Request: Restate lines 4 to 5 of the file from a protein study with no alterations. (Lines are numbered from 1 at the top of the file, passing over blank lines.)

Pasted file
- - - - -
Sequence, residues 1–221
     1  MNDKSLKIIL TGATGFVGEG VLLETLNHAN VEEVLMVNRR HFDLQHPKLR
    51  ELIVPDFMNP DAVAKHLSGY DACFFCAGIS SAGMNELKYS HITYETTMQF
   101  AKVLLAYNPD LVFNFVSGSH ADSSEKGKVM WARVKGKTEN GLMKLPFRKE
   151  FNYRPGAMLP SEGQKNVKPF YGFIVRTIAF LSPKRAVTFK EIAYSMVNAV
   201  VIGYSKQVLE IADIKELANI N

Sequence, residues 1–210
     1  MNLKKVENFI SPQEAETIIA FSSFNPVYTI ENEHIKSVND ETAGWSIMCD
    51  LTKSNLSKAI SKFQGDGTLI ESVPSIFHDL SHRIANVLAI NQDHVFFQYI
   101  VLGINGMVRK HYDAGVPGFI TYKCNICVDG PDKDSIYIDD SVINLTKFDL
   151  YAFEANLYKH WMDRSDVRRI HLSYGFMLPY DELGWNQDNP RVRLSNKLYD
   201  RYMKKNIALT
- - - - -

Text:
   101  AKVLLAYNPD LVFNFVSGSH ADSSEKGKVM WARVKGKTEN GLMKLPFRKE
   151  FNYRPGAMLP SEGQKNVKPF YGFIVRTIAF LSPKRAVTFK EIAYSMVNAV